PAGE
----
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Discussion Starter · #1 ·
This Saturday, a small group of us (5 or 6) are doing a point-to-point ride - 110 miles. We've all done centuries. Well, I've done one. This will be "self-supported" in that it's not an organized century/ride - we're just riding from point A to point B. The thing that makes it tricky is the heat - starting temp expected to be 78; finish temp around 93.

I'd love to get any tips you guys may have for surviving 100+ miles in the heat.

Current plan...
- Typical high (volume and quality) carb meals in the days preceding.
- Lots of fluid intake the day, night and morning of the ride
- Endurolites - probably a couple the night before, several pre-ride and a couple every hour during the ride
- Carrying 4 24 oz. bottles: 3 Accelerade; 1 water; plan on drinking at least 24 oz/hour; balancing intake with upset stomach and cramps.
- Plenty of Gu; Clif bars, a snickers and a planned 10 minute snack break
- Sunscreen, lightest (color and weight) jersey I have, white helmet

What am I missing?

Thanks.
 

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Probably the best thing you can do is getting really hydrated. Start downing a lot of water the day before. Your urine should be clear.

Four 24 oz botlles of fluids???? That's a lot. Aren't there places along the way you can stop and buy some food and drinks? Sounds like you're packing for a ride across the desert or something. I find it useful to carry those candy size ziplock bags with enough powdered drink mix (gatorade, cytomax, etc) to fill a single bottle (no measuring). You can always find water somewhere.

A ten minute food stop???? Plan to stop somewhere for lunch. I much prefer to eat some real food during a century to all energy bars or the sweet crap they serve at organized centuries.
 

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Just my humble opinion here. You already hit on the endurolytes, I swear by those for hot and humid rides. I take as many as 4 per hour starting right at the beginning of the ride. On a recent 85 and humid ride century here, I was going through 24oz of liquid every 20 to 30 mins, so never underplan liquids. As for calories, I don't change that for hot days, I just stick to trying to get around 300/hour. The big thing I've run into with heat and humidity in the past is cramping and HR zooming through the roof. When I follow the guidelines, they work for me. YMMV.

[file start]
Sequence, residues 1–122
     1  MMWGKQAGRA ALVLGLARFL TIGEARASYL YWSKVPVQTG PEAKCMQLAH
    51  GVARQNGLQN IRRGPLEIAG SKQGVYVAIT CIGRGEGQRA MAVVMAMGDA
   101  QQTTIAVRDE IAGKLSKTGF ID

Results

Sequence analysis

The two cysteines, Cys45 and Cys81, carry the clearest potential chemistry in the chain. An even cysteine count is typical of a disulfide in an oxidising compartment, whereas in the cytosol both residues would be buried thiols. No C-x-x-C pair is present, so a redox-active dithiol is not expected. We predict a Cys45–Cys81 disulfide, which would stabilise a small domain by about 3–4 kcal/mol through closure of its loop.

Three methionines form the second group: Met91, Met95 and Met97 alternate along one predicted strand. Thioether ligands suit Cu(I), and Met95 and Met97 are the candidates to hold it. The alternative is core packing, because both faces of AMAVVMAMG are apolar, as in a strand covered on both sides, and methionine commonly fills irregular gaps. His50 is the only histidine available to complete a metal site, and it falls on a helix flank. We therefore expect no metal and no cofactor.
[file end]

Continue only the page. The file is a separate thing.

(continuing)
OldZaskar said:
This Saturday, a small group of us (5 or 6) are doing a point-to-point ride - 110 miles. We've all done centuries. Well, I've done one. This will be "self-supported" in that it's not an organized century/ride - we're just riding from point A to point B. The thing that makes it tricky is the heat - starting temp expected to be 78; finish temp around 93.

I'd love to get any tips you guys may have for surviving 100+ miles in the heat.

Current plan...
- Typical high (volume and quality) carb meals in the days preceding.
- Lots of fluid intake the day, night and morning of the ride
- Endurolites - probably a couple the night before, several pre-ride and a couple every hour during the ride
- Carrying 4 24 oz. bottles: 3 Accelerade; 1 water; plan on drinking at least 24 oz/hour; balancing intake with upset stomach and cramps.
- Plenty of Gu; Clif bars, a snickers and a planned 10 minute snack break
- Sunscreen, lightest (color and weight) jersey I have, white helmet

What am I missing?

Thanks.
 

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Discussion Starter · #5 ·
I should've mentioned, I've got the little snack sized ZipLocks with powder for fluid refills. Depending on the frequency of stops, I may not refill two of the four (two on the frame, two on seatpost) bottles. Although, the extra water would feel good dumped on my head occasionally.
 

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Too late for the key item, unless you've already been doing this.

You need to get acclimated to heat.

Takes 7-10 days roughly to build up your blood plasma.

You do this by being in the heat (even if just sitting out, mowing the lawn, or whatever) and dringing lots of water.

I work in an office so the weeks I don't ride outdoors in the afternoon, I drive with the A/C off just so I'll get hot for awhile each day.

I'd even try to get a little heat today and Friday but certainly not overdo it.
 

· Meow!
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What time are you starting the ride? If it were me, I'd be on the road by first light. The longest summer ride I've done in the past (160 miles in mid July) starts at 7.